TAKES A VILLAGE TO RAISE A CHILD
Along the way, my friends’ families became mine: a core community base, where I felt I belonged. From my Kenyan Mum, who inspired me as a role model by being in the trenches of university with me, at the same time, in the pursuit of her PhD. My Cameroonian Mum, who always bragged about my achievements like I was one of her own, building my self-esteem when I needed it most. My Congolese parents, who let us record into the late hours of the night, sustaining our creative energies.
Finally, my Irish Mum, who has not missed a beat every step of the way, since I was 15. She was the first person to say to me: ‘Why can’t you?’ Instead of ‘You can’t’! My self-proclaimed third parent, she has bailed me out of trouble in secondary school, attended our first Just Friends show and our Olympic handball home games alike, been at both graduations, helped with my thesis and made countless other vital interventions.
In the village that raised me, I’d include school friends like Brendan Canty, who shot my only solo music video ‘Listen Up’, giving me my first taste of creative professionalism and showing me a glimpse of a viable business model; and Nathan O’Regan, who recorded and produced my unreleased EP, teaching me my most valuable music lessons.
Takes a village to raise a child indeed, but the part that’s left out is the transitioning from child to elder. Our experiences shape our perspectives, but that doesn’t mean one should let the negatives outweigh the positives. There’s no such thing as an ideal world, when you are expending daily energy by making it real with actions, not intentions. My ability to adapt and create something from nothing was enabled by my people, my village: because of them I can materialise gold from my thoughts and every ‘I can’t’, is a reminder that I actually can, as long as I want it.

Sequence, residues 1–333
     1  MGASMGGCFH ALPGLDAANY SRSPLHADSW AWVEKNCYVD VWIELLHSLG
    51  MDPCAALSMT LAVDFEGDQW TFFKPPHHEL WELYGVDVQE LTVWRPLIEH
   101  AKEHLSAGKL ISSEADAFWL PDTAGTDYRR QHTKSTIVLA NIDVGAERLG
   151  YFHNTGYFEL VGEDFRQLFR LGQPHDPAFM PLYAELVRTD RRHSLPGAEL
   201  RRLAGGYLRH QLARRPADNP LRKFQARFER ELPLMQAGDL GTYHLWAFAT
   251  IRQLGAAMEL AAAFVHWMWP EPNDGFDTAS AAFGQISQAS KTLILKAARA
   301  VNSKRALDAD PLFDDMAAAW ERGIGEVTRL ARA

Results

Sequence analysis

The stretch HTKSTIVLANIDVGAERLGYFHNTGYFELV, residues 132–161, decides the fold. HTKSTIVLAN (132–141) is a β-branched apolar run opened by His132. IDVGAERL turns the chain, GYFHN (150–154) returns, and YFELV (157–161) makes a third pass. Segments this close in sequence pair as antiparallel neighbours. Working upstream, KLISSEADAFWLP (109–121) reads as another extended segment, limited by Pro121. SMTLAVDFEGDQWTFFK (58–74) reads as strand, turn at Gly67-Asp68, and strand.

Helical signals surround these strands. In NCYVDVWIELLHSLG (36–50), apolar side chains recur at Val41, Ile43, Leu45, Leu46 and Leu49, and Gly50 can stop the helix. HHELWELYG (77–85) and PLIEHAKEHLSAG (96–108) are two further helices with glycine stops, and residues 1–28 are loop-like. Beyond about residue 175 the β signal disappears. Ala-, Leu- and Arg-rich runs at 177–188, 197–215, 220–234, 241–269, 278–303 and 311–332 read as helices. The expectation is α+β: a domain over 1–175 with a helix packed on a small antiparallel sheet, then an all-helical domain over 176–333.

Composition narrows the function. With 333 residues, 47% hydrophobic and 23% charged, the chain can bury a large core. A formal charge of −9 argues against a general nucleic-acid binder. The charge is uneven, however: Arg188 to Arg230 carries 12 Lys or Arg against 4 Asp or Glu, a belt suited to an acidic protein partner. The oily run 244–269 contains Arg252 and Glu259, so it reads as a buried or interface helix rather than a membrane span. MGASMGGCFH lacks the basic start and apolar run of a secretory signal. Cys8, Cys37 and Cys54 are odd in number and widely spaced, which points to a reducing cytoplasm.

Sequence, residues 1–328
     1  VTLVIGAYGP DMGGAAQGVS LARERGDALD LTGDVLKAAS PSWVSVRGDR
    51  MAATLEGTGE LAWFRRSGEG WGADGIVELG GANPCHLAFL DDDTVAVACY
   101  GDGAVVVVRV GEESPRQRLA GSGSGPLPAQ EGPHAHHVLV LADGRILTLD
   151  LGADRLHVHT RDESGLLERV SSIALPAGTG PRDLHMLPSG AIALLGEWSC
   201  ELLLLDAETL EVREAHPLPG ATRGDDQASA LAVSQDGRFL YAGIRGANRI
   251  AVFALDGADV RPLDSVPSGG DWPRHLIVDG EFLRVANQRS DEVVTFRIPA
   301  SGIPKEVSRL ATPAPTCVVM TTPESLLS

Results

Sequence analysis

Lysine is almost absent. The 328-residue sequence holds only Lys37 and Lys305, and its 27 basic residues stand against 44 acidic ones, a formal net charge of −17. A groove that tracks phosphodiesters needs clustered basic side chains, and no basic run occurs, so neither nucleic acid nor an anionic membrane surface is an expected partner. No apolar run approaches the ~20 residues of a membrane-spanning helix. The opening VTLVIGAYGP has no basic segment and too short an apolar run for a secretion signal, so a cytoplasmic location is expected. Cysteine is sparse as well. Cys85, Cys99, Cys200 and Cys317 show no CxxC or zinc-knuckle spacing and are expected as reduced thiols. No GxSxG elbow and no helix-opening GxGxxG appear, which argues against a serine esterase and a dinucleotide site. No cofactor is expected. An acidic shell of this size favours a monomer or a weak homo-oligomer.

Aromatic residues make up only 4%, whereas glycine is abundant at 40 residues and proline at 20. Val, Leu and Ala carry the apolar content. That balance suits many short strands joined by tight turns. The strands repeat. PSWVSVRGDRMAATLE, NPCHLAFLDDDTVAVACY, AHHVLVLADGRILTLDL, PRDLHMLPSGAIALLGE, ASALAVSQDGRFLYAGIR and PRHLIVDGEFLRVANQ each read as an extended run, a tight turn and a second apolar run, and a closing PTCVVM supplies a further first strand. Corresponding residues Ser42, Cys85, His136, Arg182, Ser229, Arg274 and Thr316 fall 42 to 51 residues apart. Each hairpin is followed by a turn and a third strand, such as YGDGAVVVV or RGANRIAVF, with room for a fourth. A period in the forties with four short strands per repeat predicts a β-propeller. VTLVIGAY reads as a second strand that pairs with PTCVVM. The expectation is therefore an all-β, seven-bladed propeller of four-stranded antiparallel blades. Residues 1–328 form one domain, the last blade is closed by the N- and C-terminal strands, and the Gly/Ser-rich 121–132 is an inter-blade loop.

Back in Junior Cert year, I was told to drop to ordinary level English, that I wasn’t capable of passing: now that’s quite ironic as I am probably one amongst a handful with published work.
MIGRANTS A POLARISING SUBJECT?
I have lived in six counties. I have a thick Cork accent and have noticed the world doesn’t spin right since I moved to Switzerland. Ireland has made me realise that the uncommon is more common than we think. Growing up, migrants have always been a polarising subject in the world. I never understood why that was in Ireland as some of the country’s greatest global contributions were made when Irish people migrated.
I have been racially abused online for a song we released in 2013 titled ‘Dacent or Decent’, promoting integration with a comedic twist. People have spat on me and called me names. I have had random people shout racial slurs on the streets as they run away. These incidents have not dampened my spirit. My travels have shown me that you will always be a fish out of water if you don’t educate yourself, as those who discriminate flirt with ignorance on a daily basis.